Sixth Circuit overturns summary disposition wrongfully granted to policeman after fatal shooting
In yet another case of a fatal encounter with police, the Federal appeals court overturned the lower court's summary dismissal of a family's excessive force claim in Godawa v. Byrd. Perhaps when this case originated, it was considered unlikely that an officer would use deadly force against a person who was simply running or driving away. In 2015, we know that this is an all-too-common occurrence, after watching numerous videos of precisely that happening.
The Godawa's son was suspected of having an open container of alcohol in his car and of underaged drinking. When he attempted to drive away from the arresting officer in a parking lot, he was shot and killed. Most of us agree that underage drinking should not carry a death sentence.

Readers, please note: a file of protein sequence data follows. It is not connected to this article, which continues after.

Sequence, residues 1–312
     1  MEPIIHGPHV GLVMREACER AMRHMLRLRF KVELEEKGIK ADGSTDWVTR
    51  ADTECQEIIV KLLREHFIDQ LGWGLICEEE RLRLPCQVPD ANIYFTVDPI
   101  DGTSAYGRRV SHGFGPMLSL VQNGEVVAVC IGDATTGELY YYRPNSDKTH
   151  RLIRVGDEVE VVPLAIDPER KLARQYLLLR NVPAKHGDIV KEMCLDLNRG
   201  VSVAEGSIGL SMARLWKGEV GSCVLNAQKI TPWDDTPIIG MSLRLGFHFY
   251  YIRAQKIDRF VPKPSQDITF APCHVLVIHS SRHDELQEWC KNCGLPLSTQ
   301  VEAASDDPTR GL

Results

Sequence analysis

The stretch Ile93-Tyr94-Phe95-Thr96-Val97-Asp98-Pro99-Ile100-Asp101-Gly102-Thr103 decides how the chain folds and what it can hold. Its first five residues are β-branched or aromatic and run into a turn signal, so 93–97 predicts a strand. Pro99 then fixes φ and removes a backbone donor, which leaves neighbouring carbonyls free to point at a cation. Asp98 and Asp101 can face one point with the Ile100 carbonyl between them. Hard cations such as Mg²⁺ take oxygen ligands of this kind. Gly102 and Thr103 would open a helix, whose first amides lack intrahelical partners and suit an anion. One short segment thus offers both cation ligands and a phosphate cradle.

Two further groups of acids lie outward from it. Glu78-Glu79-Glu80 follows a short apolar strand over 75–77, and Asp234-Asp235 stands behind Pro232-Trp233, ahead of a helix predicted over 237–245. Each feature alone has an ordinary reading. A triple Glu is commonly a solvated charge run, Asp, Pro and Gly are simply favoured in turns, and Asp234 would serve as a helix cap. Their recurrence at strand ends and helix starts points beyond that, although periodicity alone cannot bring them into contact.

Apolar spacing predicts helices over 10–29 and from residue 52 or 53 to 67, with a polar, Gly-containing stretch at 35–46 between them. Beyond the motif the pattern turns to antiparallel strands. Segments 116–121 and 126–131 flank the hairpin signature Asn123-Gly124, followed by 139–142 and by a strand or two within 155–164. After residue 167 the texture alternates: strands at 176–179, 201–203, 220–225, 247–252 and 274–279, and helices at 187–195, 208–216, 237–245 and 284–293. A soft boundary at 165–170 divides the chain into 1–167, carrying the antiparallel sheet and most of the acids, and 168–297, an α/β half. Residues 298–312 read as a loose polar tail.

The Court noted that to the extent the encounter was caught on video, it was not inconsistent with the narrative of the victim family's case, and that a jury could reasonably conclude that there was no justification for the use of deadly force against the boy. The Court noted that the evidence could easily support the conclusion that the officer, Byrd, was never in danger, that Godawa displayed no violence in the interaction, and that Godawa''s clearly established Fourth Amendment rights were violated by the shooter.